News in Brief 25 January 2016 (PM)

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Women and children arrive in the Bentiu Protection of Civilians site for internally displaced people, in Unity State, South Sudan. Photo: UNICEF/Sebastian Rich

Government of national unity "an essential step" for South Sudan

A government of national unity for South Sudan is an "essential step" in laying the foundation for peace and security.

That's according to UN Secretary-General Ban Ki-moon, in a statement on Monday after warring parties failed to meet a January 22 deadline on finalizing a transitional leadership arrangement.

He called on the parties to overcome the deadlock, and urged African Union member states to address the impasse at their forthcoming summit.

Here's UN spokesperson, Stéphane Dujarric.

"The Secretary-General reaffirms that the United Nations will continue to do all it can to support the people of South Sudan who continue to be subjected to unimaginable suffering and human rights abuses as they have been since the beginning of the conflict over two years ago."

"Increased political commitment" needed to tackle childhood obesity: WHO

"Increased political commitment" is needed to tackle alarming levels of childhood obesity around the world, according to a new report.

The Commission on Ending Childhood Obesity (ECHO) presented its findings to the World Health Organization (WHO) on Monday.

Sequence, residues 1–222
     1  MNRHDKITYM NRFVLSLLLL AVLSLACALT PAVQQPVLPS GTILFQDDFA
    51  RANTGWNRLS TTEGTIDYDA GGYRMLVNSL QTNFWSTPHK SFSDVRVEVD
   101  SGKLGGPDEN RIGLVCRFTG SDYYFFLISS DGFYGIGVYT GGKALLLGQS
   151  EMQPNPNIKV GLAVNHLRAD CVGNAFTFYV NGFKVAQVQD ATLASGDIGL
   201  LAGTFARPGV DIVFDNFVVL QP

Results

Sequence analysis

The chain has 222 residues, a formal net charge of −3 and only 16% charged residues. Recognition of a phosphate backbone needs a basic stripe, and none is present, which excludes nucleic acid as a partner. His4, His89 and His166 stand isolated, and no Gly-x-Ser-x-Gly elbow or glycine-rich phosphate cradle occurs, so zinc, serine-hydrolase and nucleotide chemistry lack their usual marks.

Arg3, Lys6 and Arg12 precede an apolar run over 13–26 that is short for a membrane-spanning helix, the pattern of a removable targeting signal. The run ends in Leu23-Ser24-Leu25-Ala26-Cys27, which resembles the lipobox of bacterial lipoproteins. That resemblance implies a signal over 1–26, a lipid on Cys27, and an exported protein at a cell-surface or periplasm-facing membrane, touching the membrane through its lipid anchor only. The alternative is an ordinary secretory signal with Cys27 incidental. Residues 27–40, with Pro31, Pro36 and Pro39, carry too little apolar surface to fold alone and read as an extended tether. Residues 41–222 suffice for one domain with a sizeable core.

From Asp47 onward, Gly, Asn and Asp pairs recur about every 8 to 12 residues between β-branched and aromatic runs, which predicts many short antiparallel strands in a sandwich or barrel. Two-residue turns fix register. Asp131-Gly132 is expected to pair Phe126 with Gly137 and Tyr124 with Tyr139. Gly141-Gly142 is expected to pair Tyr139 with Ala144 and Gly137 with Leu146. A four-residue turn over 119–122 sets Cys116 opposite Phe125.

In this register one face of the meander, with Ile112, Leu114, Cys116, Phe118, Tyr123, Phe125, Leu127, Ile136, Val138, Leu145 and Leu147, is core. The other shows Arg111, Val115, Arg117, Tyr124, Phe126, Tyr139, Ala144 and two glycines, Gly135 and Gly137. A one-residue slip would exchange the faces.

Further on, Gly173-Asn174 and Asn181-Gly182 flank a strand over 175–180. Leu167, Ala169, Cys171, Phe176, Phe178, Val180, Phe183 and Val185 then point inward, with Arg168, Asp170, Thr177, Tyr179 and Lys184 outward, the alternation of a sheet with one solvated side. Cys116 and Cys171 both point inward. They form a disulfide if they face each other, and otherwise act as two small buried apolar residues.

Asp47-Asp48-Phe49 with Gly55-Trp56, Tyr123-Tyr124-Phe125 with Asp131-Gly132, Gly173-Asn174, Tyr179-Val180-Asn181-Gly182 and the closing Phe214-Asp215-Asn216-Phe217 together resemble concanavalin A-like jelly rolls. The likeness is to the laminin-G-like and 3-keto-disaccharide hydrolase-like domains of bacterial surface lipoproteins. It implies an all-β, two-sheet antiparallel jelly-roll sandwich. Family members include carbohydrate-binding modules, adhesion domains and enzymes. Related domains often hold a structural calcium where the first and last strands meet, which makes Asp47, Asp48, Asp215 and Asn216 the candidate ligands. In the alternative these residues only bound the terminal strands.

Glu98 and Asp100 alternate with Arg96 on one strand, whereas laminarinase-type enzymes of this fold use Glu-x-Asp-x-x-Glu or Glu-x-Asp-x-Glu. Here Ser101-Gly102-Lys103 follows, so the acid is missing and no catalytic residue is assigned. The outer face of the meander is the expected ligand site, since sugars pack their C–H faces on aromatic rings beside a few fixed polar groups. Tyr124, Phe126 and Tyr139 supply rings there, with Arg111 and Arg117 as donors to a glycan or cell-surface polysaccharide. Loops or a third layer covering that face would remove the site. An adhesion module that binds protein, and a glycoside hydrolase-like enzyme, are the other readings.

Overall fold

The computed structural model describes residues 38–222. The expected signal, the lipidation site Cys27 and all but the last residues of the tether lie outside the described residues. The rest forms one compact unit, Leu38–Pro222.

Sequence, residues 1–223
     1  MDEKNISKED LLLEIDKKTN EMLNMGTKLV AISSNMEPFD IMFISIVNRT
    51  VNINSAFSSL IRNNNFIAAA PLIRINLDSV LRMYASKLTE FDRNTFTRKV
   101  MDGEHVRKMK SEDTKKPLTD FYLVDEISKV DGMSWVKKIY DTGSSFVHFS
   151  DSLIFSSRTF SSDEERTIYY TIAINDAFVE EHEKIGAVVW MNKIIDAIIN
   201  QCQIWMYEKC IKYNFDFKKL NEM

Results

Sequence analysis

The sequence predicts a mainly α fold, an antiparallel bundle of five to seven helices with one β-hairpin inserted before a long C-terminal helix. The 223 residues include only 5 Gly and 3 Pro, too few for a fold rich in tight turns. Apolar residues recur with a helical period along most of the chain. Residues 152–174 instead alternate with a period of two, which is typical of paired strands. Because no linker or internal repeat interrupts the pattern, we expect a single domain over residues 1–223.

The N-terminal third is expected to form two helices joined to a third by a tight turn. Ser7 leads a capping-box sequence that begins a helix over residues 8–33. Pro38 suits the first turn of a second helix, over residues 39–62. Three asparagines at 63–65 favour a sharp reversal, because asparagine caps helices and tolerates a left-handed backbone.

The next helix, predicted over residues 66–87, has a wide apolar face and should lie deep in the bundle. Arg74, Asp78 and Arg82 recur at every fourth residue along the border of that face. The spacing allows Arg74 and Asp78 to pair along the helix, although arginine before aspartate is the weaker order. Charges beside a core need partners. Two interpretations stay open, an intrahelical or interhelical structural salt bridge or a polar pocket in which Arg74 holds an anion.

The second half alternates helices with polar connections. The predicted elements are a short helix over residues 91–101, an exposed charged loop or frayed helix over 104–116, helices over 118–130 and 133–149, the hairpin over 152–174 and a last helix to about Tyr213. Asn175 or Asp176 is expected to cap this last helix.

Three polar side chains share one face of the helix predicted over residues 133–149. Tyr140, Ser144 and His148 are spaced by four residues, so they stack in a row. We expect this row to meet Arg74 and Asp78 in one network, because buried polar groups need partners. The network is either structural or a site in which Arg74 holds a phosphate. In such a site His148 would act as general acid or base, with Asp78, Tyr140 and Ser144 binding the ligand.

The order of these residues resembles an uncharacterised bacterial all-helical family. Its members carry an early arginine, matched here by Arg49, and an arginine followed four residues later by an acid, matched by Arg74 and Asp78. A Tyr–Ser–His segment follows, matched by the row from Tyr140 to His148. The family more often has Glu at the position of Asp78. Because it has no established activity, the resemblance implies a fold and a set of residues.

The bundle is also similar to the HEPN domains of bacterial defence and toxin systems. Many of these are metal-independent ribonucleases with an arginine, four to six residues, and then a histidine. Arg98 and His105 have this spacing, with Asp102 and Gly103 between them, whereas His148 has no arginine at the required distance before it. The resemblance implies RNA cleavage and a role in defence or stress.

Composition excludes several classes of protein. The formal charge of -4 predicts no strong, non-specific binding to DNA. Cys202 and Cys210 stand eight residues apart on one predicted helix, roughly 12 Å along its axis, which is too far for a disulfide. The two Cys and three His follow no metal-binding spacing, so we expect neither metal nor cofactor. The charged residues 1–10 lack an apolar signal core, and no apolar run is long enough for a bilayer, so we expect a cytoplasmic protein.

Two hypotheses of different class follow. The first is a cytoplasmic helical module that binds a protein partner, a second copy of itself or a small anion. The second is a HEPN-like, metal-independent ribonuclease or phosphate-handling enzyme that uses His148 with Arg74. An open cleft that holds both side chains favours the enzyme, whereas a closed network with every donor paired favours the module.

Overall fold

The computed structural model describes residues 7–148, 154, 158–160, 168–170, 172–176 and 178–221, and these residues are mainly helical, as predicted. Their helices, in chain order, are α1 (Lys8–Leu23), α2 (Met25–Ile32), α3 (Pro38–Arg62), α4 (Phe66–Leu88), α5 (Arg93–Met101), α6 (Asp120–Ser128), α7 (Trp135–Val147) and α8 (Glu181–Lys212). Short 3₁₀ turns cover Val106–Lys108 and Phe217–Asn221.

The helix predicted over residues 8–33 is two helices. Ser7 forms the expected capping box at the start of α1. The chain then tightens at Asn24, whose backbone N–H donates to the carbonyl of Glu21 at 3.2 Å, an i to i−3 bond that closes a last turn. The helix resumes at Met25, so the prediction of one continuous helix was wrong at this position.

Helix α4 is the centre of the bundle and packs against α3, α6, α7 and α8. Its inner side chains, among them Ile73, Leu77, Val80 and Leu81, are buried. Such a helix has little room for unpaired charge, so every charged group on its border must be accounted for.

That represents an increase in the age group of around ten million, compared to 1990 figures.

Commission co-chair Sir Peter Gluckman, said that WHO needed to working with governments to implement "a wide range of measures" to address environmental causes and reduce the associated health-risks.

2015 was hottest year on record by a "wide margin"

2015 was the hottest year on record by a "strikingly wide margin" according to the World Meteorological Organization (WMO).

The global temperature rose by 0.76 degrees Celsius, compared to the average for the thirty year period up to 1990.

For the first time ever, according to the WMO analysis, temperatures last year were about 1 degree Celsius above the pre-industrial area, halfway towards the benchmark 2 degrees level for slowing down global warming.

Here's the WMO spokesperson, Clare Nullis.

"What's important is that this is part of a long-term trend so 14 of the 15 hottest years on record have all been this century. We have had the hottest five years, and the hottest ten years."

Record 2015 temperatures were accompanied by numerous extreme weather events such as flooding, heatwaves and severe drought.

Matthew Wells, United Nations.

Duration: 2’10″

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